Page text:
When children have a recurring or chronic illness their needs are understandably prioritised by the family. However, when parents feel sorry for their children their natural parenting style often shifts considerably. Children may be excused poor behaviour, parents may bend over backwards to meet their children’s every need or try to ensure that their children remain happy at any cost. While the desire to try and make things right is absolutely understandable and somewhat inevitable it can lead to some unforeseen consequences, especially over time. Children who no longer have limits on their behaviour or requests tend to behave worse and expect more of everyone around them. This can make them quite unpleasant to be around and can cause huge resentment from siblings who may feel forgotten in comparison but feel unable to say anything. Keeping parenting as normal as possible, despite the circumstances, helps everyone feel safe and contained. This is also true when children have minor illness. It is of course understandable that rules are relaxed a little while children are unwell but getting back on track with bedtimes, extra treats etc as quickly as possible will prevent unhelpful patterns becoming entrenched.
Helping children understand when others are ill
When parents, siblings or other people very close to your child develop a serious illness, there is no standard reaction to expect from children. Some may seem blissfully unaware or even appear coldly insensitive to the distress around them while others may become clingy and anxious. Keeping serious illness a secret from children is never a good idea, it may feel like you’re protecting them from pain but they will inevitably pick on something. Without an understanding of what’s going on children usually make their own assumptions about why people are upset or behaving differently and often these assumptions can be worse than the truth. Younger children need a very simple explanation of the illness with a focus on how it will impact on them e.g. ‘this means mummy will be very tired and might need naps in the day. She won’t be able to take you to school or play with you as much as usual.’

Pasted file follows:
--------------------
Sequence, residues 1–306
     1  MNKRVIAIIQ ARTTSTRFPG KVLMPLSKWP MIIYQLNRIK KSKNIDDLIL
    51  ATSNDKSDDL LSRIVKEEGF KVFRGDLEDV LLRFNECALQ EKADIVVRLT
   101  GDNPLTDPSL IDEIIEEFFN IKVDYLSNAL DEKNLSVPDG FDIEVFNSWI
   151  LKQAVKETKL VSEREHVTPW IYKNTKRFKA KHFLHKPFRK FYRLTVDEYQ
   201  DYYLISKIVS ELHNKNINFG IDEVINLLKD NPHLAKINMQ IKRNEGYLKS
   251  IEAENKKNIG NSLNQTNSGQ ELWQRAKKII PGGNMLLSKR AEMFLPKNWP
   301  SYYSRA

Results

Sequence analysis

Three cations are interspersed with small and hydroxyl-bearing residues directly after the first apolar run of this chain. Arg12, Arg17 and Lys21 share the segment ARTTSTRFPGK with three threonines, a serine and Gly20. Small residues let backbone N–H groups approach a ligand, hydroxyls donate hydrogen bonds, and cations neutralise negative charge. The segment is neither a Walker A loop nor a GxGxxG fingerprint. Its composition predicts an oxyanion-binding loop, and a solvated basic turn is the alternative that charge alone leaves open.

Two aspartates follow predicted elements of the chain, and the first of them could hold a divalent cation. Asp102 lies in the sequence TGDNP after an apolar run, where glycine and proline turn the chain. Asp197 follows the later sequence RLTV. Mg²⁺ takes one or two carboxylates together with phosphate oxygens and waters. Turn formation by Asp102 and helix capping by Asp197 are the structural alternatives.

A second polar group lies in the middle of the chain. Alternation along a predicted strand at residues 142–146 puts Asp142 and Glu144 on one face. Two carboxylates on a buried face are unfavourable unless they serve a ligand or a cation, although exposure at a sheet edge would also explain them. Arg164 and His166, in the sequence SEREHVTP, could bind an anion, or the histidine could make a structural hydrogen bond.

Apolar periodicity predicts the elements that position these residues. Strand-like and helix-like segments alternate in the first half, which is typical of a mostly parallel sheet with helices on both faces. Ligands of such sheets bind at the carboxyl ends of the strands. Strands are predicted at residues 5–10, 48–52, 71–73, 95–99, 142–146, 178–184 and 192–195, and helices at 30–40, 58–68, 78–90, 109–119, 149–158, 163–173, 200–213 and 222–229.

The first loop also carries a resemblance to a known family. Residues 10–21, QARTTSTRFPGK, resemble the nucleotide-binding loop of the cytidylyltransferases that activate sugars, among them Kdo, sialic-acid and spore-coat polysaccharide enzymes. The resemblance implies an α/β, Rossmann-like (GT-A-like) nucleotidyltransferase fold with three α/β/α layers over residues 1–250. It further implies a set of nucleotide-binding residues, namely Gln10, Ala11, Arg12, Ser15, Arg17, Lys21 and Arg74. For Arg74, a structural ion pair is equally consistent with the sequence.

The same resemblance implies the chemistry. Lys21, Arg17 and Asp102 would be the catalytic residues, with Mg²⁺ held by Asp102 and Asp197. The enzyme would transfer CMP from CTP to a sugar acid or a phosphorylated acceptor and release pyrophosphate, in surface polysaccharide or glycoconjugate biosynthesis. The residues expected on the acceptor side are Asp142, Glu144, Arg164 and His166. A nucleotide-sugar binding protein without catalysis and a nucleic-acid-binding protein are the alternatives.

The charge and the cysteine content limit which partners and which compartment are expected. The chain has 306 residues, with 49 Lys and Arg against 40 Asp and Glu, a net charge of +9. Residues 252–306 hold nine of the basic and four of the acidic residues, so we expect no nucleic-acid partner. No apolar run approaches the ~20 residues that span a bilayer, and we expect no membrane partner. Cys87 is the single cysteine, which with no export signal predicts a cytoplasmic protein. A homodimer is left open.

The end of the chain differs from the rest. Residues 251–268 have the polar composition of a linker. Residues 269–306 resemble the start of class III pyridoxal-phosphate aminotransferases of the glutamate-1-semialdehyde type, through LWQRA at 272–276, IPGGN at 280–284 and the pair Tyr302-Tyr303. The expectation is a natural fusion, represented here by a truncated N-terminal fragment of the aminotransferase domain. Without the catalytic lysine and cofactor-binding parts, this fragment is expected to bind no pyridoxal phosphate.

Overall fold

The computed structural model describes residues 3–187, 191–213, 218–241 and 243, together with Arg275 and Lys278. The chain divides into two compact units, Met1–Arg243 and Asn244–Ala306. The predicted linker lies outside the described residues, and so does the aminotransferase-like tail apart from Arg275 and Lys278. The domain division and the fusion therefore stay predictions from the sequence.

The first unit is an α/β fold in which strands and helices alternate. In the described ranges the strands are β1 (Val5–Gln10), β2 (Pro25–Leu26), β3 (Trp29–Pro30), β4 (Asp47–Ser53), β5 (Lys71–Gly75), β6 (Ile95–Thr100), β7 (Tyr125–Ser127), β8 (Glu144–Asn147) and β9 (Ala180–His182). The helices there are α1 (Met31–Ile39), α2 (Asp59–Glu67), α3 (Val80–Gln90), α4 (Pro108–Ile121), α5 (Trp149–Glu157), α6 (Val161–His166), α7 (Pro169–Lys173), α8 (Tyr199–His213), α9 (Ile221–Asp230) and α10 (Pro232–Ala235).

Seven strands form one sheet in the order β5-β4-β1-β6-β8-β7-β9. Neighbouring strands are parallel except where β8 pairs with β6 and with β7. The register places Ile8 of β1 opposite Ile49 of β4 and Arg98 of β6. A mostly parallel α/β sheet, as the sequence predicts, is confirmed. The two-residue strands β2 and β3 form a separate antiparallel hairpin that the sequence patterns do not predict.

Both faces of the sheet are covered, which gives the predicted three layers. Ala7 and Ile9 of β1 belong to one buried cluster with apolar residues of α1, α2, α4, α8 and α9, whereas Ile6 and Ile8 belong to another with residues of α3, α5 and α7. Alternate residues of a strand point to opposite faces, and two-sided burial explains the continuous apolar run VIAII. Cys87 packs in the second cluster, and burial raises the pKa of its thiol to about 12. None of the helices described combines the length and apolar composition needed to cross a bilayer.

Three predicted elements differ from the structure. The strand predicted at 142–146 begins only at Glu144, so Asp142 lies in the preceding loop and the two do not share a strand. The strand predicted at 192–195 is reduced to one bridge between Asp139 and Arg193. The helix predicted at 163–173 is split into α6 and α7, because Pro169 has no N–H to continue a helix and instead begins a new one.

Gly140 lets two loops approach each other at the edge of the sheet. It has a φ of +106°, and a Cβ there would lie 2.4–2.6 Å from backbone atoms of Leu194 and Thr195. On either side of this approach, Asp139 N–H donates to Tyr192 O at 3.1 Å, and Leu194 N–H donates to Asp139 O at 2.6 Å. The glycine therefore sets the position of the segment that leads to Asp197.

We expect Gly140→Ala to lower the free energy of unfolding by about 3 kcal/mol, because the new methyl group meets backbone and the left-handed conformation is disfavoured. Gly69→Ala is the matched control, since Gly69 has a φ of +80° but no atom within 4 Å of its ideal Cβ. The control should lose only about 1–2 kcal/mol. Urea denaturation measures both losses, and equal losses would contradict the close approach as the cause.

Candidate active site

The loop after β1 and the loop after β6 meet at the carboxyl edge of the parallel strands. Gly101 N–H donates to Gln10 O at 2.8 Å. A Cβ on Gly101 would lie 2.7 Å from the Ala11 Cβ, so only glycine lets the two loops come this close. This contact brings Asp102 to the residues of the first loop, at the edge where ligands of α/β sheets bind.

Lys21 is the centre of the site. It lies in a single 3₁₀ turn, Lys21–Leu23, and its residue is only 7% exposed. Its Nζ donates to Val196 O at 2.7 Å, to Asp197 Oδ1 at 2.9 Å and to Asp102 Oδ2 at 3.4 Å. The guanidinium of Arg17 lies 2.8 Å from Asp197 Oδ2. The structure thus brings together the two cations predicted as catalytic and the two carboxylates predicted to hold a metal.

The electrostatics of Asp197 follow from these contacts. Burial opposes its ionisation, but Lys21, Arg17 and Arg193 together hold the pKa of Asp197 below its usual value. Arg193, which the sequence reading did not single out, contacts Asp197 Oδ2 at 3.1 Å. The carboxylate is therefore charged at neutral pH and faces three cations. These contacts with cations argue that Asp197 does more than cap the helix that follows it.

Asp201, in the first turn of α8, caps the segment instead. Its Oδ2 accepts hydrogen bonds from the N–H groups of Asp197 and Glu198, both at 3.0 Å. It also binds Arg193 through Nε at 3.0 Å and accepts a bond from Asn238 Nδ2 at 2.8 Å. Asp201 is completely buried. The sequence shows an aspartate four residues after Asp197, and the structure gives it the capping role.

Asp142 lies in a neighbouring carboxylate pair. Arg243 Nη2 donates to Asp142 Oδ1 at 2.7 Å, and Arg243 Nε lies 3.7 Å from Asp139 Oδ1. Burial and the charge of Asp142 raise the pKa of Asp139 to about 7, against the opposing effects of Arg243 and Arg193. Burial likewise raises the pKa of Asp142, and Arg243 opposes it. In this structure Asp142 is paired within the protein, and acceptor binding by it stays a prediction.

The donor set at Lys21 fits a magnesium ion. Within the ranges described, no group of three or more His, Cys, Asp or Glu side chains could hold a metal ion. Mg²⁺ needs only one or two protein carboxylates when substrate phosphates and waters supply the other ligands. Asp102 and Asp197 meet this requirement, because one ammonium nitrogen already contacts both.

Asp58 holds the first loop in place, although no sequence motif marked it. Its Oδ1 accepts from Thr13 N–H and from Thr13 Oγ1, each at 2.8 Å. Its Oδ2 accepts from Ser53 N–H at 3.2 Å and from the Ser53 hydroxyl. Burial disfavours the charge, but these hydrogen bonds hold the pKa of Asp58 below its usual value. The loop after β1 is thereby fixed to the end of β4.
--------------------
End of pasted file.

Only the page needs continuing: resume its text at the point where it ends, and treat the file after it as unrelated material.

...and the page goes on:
The most important thing is to be clear with your child that the illness isn’t catching (e.g. they and others can’t get cancer etc from the ill person) and that it is not their fault. Children need to hear that there is absolutely nothing they could have done to cause this to happen. This is especially important if they have heard talk about the illness perhaps being brought on by stress, as they may worry their misbehaviour is responsible. Having a nominated adult, to whom they feel close, to talk to, answer questions and spend time with (in addition to parents) can also be a helpful source of support and reassurance for children.
How much information to give can be hard to judge. With younger children it is best to give just enough to help them make sense of the situation and stop there. Let them know they can ask questions at any time and simply answer each question as it comes up without feeling the need to say anymore. With older children ask them what they would like to know and put them in charge of the process rather than automatically assuming that they want to know everything. Encourage questions and let them know you’ll be as honest as you can. Teenagers are likely to resort to the internet to search for information and it is best to be upfront about the internet being a poor source of reliable information for health issues, apart from a few trusted websites.
Lastly, parents also need support and someone to talk to when a child or other family member is ill. It is easy to fall into the trap of trying to take care of everyone else and not giving your own needs enough consideration. Taking some time out for yourself is not a luxury, it is a necessity. In order for children to come through difficult experiences they need their parents to look after themselves too.